Howard leads the way for punishing Chicago Bears ground game

  • Chicago Bears running back Jordan Howard makes a move and scores a touchdown in the fourth quarter of Sunday's game against the Jets at Solder Field in Chicago.

    Chicago Bears running back Jordan Howard makes a move and scores a touchdown in the fourth quarter of Sunday's game against the Jets at Solder Field in Chicago.

Updated 10/28/2018 7:11 PM

The Chicago Bears rolled up a season-high 179 rushing yards Sunday in the 24-10 victory over the New York Jets and, unlike the previous week, they didn't need quarterback Mitch Trubisky to lead the way.

Jordan Howard got 22 carries, his heaviest workload in more than a month, and he contributed a game-best 81 yards (3.7-yard average), the same total Trubisky had last week.


Trubisky added 51 more rushing yards on 6 carries Sunday (8.5-yard average), and Tarik Cohen had 40 yards on 5 attempts.

Howard got 10 of his carries in the game's final 10 minutes. After the Jets closed to within 17-10, Howard scored his third rushing touchdown of the year on a 2-yard burst that was set up by his season-long 24-yard scamper.

"It meant a lot because I've been waiting to break loose," he said. "I've been bottled up a little bit, so it felt good to finally get a big run."

The Bears then used Howard to pound the ball six times down the stretch to take time off the clock.

"I like being in that spot, even though they know you're running the ball," Howard said. "They couldn't really stop us because the O-line was getting a good push."

Ahead for good:

The Bears got a lead they never relinquished just 9:36 into the game when Tarik Cohen took a perfectly executed screen pass from Mitch Trubisky and sprinted 70 yards untouched for a touchdown, the Bears' longest play of the season.

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It was the perfect play call for the Bears, who caught the Jets in a blitz, with no safeties deep.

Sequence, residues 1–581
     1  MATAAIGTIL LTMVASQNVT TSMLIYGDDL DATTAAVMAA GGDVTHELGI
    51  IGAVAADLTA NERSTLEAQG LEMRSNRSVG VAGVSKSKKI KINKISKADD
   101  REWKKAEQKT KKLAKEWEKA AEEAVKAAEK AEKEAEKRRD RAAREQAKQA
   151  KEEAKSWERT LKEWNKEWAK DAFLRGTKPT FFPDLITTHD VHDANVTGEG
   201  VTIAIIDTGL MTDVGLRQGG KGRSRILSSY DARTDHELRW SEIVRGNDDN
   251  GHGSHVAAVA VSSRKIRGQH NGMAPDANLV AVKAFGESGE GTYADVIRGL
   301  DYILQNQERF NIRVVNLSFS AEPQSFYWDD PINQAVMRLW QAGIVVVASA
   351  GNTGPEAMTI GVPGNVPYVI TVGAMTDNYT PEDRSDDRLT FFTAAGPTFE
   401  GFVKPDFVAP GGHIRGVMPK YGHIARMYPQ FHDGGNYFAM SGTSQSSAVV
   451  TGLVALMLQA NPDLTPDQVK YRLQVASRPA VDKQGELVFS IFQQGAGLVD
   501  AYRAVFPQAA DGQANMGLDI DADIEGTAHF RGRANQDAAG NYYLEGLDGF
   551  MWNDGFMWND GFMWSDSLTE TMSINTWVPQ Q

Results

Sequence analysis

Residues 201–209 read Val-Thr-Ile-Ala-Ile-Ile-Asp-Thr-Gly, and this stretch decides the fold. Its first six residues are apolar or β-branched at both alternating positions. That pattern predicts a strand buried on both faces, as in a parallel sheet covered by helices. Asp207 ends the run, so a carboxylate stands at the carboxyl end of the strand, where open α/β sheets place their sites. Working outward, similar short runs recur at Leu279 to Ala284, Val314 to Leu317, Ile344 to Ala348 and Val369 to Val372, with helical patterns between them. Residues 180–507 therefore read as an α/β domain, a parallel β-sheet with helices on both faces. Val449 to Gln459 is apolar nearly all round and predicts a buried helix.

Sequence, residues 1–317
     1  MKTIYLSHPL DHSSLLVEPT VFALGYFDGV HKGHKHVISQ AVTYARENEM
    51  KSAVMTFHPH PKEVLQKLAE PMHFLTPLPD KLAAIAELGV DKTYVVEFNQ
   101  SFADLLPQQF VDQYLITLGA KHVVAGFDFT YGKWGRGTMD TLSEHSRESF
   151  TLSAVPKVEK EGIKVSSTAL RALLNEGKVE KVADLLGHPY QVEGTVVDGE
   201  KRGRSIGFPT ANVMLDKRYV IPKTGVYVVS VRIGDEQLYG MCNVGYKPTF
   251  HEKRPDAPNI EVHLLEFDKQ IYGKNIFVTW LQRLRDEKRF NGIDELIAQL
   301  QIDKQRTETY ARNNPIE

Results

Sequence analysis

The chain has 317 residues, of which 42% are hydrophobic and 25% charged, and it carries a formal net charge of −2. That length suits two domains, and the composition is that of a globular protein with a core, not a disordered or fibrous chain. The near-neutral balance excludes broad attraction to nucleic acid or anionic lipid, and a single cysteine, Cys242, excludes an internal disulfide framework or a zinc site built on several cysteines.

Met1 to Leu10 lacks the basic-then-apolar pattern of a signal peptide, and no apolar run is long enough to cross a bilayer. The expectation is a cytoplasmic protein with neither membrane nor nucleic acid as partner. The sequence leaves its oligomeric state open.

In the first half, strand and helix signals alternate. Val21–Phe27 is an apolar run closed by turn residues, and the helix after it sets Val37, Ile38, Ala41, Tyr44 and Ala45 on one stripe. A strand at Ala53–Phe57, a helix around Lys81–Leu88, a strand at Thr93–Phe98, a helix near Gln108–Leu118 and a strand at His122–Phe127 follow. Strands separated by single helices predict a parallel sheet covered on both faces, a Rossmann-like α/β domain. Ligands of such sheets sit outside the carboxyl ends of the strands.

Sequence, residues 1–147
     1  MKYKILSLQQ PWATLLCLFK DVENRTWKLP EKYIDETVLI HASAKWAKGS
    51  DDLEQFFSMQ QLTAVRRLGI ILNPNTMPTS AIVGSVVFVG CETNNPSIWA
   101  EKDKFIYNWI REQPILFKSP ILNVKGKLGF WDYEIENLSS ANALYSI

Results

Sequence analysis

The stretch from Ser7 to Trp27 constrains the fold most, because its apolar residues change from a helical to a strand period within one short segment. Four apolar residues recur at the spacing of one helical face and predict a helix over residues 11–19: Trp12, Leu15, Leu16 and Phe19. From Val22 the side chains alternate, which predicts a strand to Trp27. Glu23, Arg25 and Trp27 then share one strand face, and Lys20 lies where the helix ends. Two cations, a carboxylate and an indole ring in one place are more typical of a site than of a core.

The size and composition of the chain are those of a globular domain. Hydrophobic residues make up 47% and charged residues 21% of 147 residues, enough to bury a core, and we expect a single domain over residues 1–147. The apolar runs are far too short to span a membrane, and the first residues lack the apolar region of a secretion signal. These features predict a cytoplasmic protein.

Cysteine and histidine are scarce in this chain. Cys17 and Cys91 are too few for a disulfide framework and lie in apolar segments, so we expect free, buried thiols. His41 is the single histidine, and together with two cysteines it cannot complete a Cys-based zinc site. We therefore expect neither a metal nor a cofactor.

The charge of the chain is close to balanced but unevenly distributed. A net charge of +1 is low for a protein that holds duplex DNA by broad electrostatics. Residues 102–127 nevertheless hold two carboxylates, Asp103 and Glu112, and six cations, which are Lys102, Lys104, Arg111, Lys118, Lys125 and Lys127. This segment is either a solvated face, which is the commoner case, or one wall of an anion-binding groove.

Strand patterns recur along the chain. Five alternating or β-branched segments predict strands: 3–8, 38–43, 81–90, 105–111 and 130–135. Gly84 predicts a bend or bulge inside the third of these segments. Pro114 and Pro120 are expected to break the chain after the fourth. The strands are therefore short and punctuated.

"They brought Cover-zero there, so having a screen vs. Cover-zero, usually they work out pretty well," Bears coach and offensive playcaller Matt Nagy said, although he noted there was a difficulty factor involved.

"When you bring Cover-zero, they have a bunch of safeties and linebackers that are blitzing, and it's hard to get through the weeds to get to the flat. He did that. He has a good knack for that."

Nagy also credited 5-foot-8, 165-pound wide receiver Taylor Gabriel with a block along the sideline that turned a "30-yard gain into a 70-yard touchdown."

That TD was Cohen's only catch, but he also ran five times for 40 yards and returned 4 punts for 36 yards.

Sitting it out:

Bears outside linebacker Khalil Mack (ankle) and wide receiver Allen Robinson (groin) did not play because of the injuries that have kept them from practicing for most of the past two weeks.


Both played last week but were far from 100 percent. Aaron Lynch, tied for third on the team with 2 sacks, started in place of Mack. Josh Bellamy got his second start of the season and tied for the game high with 4 catches for 37 yards.

Wide receiver Kevin White saw his most extensive playing time of the season but had just 1 catch for 6 yards.

Offensive left guard Eric Kush (neck) also was inactive for the Bears, so rookie second-round draft pick James Daniels got his first NFL start.

Kush and Daniels had shared the left-guard spot for the previous three games, alternating series. Among the Bears' other inactives were cornerback Marcus Cooper (groin), who missed his fifth straight game even though he was removed from the injury report after returning to full practice last week.

Fullback Michael Burton also was inactive, as were offensive lineman Rashaad Coward and defensive tackle Nick Williams.

The Jets were without their top two wide receivers, Robby Anderson and Quincy Enunwa, both out with ankle injuries. Starting cornerback Trumaine Johnson (quad) and backup cornerback Derrick Jones also were out for the Jets, as were linebacker Kevin Pierre-Louis, offensive guard Dakota Dozier and defensive lineman Folorunso Fatukasi.

Minds and bodies

Defensive lineman Akiem Hicks said the defense came into the Jets game with the proper mindset, focused on stopping the run first and foremost, which it did, allowing just 57 yards on 24 attempts for a 2.4-yard average. Other than quarterback Sam Darnold's 13-yard scramble, the Jets didn't have a run longer than 7 yards.

"It was our front seven just being aggressive, attacking, getting after it," Hicks said. "That was our mindset going in.

"Honestly, that's our mindset going into every game, that we want to abuse you at the line of scrimmage every way we can, and I think we accomplished that."

• Bob LeGere is a senior writer at Pro Football Weekly. Follow Bob's Bears reports on Twitter @BobLeGere or @PFWeekly.


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